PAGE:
Although spinal and bulbar muscular atrophy (SBMA) – a form of spinal muscular atrophy – is a disease of the motor neurons, nerve cells of the spinal cord and brainstem, its earliest signs appear in skeletal muscles, according to a study published in the journal Disease Models & Mechanisms.
These findings suggest that changes in muscle strength and contraction are early disease indicators and that muscle-targeted therapies could be effective treatments for SBMA, researchers note in SMA News Today.
SBMA, also known as Kennedy’s disease, is a rare, late-onset form of SMA that is characterized by widespread muscle weakness and wasting in the arms, legs, head, and neck.
It is caused by mutations in the androgen receptor (AR) gene, located on the X chromosome and so most common to men. The mutations lead to an abnormal expansion of a CAG nucleotide (the building blocks of DNA) repeat in the AR gene sequence, and to the production of a much larger and dysfunctional protein.
Production of an enlarged protein is known to cause SBMA, but it is still unclear is why the disease affects specific types of motor neurons and skeletal muscles, or those attached to bones and tendons that control voluntary movement.
“It is important to understand the course of the disease in order to target therapeutics to key pathological [disease] stages. This is especially relevant in disorders such as SBMA, where disease can be identified prior to symptom onset, through family history and genetic testing,” the researchers write.
In their study, scientists at UCL Queen Square Institute of Neurology in London, working with colleagues at Duke University School of Medicine in North Carolina, did a complete characterization of the physiological basis underlying muscle dysfunction in a mouse model of SBMA.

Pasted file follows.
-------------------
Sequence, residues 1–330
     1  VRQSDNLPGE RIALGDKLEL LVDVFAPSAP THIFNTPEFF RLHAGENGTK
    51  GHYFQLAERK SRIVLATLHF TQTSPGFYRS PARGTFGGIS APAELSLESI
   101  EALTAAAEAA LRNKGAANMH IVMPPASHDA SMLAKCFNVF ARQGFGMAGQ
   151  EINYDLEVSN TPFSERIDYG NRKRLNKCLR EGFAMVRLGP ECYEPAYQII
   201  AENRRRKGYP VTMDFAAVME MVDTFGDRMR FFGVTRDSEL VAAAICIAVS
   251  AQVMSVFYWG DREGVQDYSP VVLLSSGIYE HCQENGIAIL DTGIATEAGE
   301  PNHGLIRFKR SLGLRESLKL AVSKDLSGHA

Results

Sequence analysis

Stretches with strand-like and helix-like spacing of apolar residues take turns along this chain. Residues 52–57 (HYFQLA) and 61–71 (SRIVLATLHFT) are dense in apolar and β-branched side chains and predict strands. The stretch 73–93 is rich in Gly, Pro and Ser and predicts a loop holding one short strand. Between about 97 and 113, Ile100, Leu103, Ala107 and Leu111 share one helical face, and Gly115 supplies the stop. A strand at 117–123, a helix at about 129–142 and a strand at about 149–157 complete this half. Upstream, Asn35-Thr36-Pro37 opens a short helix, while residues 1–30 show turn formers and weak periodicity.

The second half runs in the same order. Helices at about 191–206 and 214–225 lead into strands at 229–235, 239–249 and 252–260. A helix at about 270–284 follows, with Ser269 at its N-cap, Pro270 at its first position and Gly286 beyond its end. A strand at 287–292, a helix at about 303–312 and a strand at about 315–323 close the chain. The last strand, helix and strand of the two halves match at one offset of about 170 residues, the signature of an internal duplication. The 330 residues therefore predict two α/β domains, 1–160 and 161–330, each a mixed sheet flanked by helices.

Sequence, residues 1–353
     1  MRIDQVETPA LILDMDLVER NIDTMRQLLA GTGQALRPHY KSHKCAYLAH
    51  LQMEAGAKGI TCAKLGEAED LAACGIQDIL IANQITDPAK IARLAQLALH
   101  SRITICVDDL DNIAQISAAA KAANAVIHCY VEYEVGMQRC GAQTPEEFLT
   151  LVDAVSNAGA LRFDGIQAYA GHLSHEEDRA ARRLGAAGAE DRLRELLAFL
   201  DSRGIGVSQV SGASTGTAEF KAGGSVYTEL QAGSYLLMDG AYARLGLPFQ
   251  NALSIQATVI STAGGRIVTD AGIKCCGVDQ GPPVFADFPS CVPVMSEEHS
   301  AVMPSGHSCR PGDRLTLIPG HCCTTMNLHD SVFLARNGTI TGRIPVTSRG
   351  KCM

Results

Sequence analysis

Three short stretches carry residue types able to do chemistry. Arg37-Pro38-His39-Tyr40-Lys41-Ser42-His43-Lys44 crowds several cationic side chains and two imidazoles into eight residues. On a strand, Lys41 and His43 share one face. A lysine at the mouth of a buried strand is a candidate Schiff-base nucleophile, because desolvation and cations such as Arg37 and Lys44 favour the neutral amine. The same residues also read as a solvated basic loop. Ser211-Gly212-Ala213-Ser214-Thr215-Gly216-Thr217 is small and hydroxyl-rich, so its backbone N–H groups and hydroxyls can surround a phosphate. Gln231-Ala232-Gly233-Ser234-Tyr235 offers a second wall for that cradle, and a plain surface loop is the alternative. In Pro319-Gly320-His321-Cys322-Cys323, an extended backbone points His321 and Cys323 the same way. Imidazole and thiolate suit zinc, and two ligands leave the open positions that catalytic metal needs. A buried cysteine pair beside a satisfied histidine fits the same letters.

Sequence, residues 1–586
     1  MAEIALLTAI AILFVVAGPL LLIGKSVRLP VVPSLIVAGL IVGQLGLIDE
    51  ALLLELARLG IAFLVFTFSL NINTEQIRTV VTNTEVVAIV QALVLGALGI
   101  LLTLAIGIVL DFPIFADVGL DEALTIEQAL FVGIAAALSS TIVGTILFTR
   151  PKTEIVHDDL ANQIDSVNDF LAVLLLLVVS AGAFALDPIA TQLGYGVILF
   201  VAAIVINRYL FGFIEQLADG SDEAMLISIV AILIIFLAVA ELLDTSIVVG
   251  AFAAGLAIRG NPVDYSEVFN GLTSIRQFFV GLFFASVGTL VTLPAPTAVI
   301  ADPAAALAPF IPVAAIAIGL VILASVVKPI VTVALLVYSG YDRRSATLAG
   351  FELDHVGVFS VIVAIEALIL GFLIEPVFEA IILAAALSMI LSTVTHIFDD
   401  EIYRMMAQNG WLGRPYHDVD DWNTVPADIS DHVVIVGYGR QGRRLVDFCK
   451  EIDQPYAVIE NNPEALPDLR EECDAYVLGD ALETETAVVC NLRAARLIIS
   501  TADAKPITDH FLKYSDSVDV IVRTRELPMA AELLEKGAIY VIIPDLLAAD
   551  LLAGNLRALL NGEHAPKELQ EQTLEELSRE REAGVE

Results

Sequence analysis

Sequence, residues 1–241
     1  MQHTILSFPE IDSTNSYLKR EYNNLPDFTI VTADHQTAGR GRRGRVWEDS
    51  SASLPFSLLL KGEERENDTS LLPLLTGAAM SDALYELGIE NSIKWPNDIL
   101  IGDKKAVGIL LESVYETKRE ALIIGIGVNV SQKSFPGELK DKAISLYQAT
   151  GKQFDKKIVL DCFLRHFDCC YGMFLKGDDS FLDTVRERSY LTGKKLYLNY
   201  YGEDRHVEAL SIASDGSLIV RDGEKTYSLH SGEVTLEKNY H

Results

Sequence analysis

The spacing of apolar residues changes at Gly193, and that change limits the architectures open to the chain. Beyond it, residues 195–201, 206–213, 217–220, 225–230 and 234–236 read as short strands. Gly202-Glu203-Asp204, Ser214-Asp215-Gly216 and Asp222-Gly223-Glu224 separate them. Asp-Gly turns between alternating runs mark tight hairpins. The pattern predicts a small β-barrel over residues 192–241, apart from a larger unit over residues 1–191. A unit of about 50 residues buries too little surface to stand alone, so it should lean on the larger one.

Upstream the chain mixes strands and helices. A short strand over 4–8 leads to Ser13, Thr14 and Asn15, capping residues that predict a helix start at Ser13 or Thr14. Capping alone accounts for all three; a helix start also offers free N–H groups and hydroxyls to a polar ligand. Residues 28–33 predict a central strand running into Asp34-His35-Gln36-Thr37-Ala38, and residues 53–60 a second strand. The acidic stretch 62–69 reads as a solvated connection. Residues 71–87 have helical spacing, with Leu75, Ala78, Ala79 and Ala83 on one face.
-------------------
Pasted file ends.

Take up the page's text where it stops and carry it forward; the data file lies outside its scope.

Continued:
They discovered the disease first manifested in skeletal muscles of the animals’ hind limbs, which started losing strength and the ability to contract when the mice were 6 months old.
Loss of muscle strength continued to worsen until the animals reached the age of 1 year, and then stabilized. In contrast, loss of muscle contraction continued, only becoming significant at later disease stages when the mice were 12 to 18 months old.
Loss of muscle strength was accompanied by progressive muscle atrophy (shrinkage), as well as by a loss of body weight, SMA News Today continues.
Histological examination of the animals’ muscle tissues revealed a series of abnormalities in the structure and organization of muscle fibers that started to become more apparent after the animals were 1 year old.
To evaluate motor neuron degeneration, investigators assessed the number of motor neurons associated with the sciatic nerve in SBMA mice and healthy animals.
They found no differences in motor neuron numbers in 6-month-old SBMA mice compared to healthy animals, even though at this age diseased mice were already showing the first signs of muscular difficulties.
“Even by 12 months there was only a slight, but non-significant loss of motor neurons in [SBMA] mice, despite the very significant pathology observed in fast twitch muscles at this stage,” the researchers add.
These findings suggest that SBMA “first manifests in skeletal muscle in young mice, prior to any motor neuron degeneration, which only occurs in late stages of the disease.”
“Our results therefore show that muscle is a primary site of AR toxicity in SBMA, and suggest that targeting muscle deficits may be an effective therapeutic strategy for the treatment of the disease,” they conclude, per SMA News Today.